The Vivtar Guide to Local Advertising was bundled with clip art of the company's products and ready-to-run ads that were compiled from the best ones that I had culled out. We also prepared several based on the principles we had learned from my research.
Local advertising is a lot different from national advertising. It is more immediate. Whereas the national advertiser is attempting to build a sustained interest in their products and services, the local retailer wants customers to stop and shop today! Sound familiar? As an author, I have a product to sell and I want it to sell today.
Unfortunately, my “retailer” – Amazon and other Internet outlets – have my “product” buried somewhere in their stockroom. It's easy to find if you go there looking for it, otherwise, it's lost like the Ark of the Covenant in the first Indiana Jones movie. Maybe even more lost. Whereas you've heard of the Ark of the Covenant, you probably haven't heard of my book, Rebels on the Mountain. How do I make you aware of it and inspire you to go looking for it?
I don't have the resources to run a national advertising campaign. Hell, I barely have enough money to afford a one-column-inch ad in the local shopper. Nor does my publisher. The only tool available to me is social media on the Internet. Some people question whether or not anyone can market a product or service effectively with social media, but that's what I have to work with and it's free.
Now, before you go any further, let me warn you. I don't want you to be disappointed. I haven't been a success – yet – but I have made some progress. I have learned how to get attention.
First of all, I have identified an audience. You may or may not be a part of it. Probably not. My target audience isn't really interested in postings such as this one. I post most often about historical events that have occurred during my life, especially those in which I have participated. Anyone interested in those should be interested in my novels since these events serve as grist for my novel mill. I also post opinions about current events, especially current political events. I'm probably pissing off at least half of my audience, but the other half is enough for me if only they like what I have to say and it inspires them to purchase my books. I write no more than once each week on topics such as this, ones that might appeal to other authors. Actually, I feel it is somewhat incestuous for authors to be writing for the benefit of other authors every day.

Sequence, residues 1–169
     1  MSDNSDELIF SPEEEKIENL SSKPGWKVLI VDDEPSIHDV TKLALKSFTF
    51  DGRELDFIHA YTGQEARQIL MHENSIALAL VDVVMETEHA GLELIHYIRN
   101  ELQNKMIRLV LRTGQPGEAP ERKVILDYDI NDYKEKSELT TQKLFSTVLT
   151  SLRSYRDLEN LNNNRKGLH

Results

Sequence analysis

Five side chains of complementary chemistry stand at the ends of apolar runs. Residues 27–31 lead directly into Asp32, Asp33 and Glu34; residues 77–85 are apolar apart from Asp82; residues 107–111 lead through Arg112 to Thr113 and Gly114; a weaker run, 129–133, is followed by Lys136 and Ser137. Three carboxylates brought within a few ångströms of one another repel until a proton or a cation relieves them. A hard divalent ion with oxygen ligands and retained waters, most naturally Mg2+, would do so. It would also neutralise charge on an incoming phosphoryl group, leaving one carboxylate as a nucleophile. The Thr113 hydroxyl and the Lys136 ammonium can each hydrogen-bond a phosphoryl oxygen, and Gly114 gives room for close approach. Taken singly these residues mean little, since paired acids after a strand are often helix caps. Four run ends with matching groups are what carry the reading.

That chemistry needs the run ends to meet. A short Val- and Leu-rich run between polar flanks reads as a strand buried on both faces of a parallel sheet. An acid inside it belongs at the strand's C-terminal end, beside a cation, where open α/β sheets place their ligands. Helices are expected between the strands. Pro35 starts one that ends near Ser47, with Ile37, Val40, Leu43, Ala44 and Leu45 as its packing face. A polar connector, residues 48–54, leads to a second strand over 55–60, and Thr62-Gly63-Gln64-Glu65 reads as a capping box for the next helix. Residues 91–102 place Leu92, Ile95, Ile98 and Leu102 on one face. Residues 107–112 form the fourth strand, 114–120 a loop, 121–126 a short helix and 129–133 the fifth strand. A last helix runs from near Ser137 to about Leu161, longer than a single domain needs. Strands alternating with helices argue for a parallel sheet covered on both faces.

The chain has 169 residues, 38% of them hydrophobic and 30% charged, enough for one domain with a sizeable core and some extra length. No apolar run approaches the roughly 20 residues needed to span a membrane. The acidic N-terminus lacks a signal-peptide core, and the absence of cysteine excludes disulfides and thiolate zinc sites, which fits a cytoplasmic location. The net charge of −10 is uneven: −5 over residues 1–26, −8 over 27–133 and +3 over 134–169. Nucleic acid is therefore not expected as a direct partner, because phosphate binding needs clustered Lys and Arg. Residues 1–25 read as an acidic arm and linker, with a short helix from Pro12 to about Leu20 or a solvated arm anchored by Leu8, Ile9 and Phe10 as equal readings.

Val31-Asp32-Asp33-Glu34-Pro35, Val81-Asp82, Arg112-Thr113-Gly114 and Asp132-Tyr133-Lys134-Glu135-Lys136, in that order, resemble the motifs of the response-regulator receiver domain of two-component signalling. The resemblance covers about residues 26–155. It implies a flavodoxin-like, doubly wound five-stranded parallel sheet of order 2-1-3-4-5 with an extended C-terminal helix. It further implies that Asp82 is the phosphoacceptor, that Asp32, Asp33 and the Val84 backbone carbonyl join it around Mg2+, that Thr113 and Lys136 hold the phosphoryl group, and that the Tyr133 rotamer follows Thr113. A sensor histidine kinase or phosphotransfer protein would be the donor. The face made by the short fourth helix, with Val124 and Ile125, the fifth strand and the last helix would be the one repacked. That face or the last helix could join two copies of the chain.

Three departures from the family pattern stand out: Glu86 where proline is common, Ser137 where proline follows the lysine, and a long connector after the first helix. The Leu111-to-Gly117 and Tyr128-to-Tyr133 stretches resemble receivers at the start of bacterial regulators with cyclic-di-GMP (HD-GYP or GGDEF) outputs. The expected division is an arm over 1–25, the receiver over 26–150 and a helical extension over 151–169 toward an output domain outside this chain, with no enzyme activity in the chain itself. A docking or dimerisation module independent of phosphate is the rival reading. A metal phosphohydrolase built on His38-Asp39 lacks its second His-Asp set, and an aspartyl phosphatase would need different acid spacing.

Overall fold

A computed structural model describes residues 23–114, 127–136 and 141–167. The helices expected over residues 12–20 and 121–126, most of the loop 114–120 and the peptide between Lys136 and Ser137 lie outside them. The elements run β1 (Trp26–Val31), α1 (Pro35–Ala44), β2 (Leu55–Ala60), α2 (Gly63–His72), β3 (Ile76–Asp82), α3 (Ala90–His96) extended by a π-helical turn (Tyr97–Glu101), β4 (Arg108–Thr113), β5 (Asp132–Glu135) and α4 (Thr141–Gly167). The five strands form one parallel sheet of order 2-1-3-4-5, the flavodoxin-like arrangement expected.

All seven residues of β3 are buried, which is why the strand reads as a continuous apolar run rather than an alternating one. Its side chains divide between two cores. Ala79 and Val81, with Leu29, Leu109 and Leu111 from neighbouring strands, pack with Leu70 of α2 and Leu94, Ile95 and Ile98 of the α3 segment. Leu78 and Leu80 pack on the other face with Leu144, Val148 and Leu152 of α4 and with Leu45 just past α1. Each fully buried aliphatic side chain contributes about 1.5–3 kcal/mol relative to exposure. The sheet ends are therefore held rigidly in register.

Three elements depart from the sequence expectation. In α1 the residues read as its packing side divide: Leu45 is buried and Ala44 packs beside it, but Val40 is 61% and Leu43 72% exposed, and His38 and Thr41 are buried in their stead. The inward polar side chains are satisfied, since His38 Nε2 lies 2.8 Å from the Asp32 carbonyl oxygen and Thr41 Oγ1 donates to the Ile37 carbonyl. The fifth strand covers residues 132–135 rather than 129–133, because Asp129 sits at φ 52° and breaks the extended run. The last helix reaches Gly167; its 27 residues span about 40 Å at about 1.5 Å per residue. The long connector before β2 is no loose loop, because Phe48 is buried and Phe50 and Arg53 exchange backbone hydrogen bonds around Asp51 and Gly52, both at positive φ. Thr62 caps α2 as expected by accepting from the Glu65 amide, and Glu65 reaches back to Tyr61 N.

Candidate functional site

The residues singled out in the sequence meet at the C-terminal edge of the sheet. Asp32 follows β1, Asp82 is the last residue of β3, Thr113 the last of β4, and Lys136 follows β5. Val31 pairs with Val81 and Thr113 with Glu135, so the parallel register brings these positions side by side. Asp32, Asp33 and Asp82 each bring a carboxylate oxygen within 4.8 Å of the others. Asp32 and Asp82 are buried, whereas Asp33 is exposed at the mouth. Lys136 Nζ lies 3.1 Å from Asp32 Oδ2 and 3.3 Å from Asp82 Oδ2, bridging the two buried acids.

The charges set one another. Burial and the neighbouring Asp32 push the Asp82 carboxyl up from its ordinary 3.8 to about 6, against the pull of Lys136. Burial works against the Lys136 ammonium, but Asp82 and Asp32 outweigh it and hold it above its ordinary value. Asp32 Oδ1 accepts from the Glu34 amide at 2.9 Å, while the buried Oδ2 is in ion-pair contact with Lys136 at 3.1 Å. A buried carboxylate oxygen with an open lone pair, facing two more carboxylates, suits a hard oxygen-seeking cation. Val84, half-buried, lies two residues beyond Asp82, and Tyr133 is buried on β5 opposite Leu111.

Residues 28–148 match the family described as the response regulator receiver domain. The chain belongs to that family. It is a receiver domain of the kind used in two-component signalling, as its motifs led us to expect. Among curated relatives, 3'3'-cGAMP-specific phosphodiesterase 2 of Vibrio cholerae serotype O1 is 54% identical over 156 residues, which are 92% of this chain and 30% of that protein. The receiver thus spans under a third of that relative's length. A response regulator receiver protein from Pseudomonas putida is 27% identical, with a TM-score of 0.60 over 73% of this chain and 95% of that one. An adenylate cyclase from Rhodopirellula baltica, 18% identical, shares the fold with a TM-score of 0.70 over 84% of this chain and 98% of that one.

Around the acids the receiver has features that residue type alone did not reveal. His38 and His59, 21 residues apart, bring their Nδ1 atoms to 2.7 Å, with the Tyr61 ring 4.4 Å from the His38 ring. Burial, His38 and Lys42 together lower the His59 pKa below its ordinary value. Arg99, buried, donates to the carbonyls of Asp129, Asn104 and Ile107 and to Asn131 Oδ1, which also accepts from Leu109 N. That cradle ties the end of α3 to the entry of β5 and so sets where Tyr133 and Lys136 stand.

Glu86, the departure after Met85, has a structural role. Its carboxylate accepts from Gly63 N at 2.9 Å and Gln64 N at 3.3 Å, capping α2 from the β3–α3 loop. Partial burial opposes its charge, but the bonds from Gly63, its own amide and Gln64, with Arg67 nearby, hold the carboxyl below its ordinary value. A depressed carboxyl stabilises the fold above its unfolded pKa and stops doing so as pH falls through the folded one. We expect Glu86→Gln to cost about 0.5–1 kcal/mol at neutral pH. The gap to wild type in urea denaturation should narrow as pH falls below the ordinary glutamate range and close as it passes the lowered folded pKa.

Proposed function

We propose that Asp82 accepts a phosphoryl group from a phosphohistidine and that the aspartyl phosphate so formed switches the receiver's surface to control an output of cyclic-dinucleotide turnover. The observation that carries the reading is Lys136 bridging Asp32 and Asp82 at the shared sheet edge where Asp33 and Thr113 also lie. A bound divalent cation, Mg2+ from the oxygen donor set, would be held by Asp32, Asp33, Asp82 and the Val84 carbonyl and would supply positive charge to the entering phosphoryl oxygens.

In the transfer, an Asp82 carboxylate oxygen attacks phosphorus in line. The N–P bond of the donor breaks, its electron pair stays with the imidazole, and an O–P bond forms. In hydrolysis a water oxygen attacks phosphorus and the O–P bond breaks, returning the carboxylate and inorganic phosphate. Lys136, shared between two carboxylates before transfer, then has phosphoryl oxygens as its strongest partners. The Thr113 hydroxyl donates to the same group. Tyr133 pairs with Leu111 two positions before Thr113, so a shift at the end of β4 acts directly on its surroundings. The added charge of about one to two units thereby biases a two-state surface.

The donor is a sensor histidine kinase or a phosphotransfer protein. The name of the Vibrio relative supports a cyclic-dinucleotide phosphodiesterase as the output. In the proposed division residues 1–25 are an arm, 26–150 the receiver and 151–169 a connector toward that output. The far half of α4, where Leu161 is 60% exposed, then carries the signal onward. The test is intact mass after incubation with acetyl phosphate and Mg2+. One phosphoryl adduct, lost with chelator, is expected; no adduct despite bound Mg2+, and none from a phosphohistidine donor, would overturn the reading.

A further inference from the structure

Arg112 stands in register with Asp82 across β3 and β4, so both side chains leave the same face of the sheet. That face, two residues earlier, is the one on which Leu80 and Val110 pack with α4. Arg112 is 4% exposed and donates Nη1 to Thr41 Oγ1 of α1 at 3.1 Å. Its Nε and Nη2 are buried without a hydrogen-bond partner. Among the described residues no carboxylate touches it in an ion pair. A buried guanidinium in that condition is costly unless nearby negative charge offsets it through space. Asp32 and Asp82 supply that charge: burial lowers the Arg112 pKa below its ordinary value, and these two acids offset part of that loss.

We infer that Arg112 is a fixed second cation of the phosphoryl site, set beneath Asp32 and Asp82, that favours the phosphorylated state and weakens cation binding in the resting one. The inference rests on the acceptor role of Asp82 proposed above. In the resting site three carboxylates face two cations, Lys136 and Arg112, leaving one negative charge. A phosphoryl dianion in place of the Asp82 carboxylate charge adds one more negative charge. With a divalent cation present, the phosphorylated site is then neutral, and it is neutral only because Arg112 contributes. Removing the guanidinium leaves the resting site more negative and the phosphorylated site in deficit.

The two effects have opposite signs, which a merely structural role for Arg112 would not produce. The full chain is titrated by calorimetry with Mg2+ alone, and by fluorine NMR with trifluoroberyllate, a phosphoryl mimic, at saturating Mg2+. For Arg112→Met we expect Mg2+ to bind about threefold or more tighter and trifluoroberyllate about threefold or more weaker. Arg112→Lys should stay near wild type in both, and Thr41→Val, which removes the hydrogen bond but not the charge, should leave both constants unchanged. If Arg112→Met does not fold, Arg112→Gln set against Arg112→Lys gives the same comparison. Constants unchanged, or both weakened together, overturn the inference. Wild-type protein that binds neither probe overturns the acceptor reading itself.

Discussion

[Now, we're ready to play “Name That Tweet.” You weren't ready until you understood the part about building a target audience.]
The next step – after identifying your target audience – is to coordinate your social media exposure. Blog titles and Tweets as well as all other messages should share a common message. The Twitter button attached to your blog makes this easy. It automatically uses your blog title as the default message in the Tweet that it generates. Like any good advertising, it's the headline in your ad, it's your attention-getter. Use it wisely.
[Note: Here's where you should look back at your most recent ones and appraise them honestly. Did they catch anyone's attention? Do your blog titles stand alone? Do they even make sense? Were they longer than 140 characters forcing your followers to hack off parts of them? Did you reserve a few of the 140 character limit for your followers to add their @identity, or did you hog it all?]
Now, go forth and name that blog/tweet better!
PS: The Vivitar Guide was a huge success. My favorite fan mail came from one retailer who wrote that we were making "Kodak look like fools." More importantly, it contributed significantly to the company's success. Another company, a franchiser, Tinderbox, applied for and was permitted to reprint it (with modifications) for its nation-wide franchisees.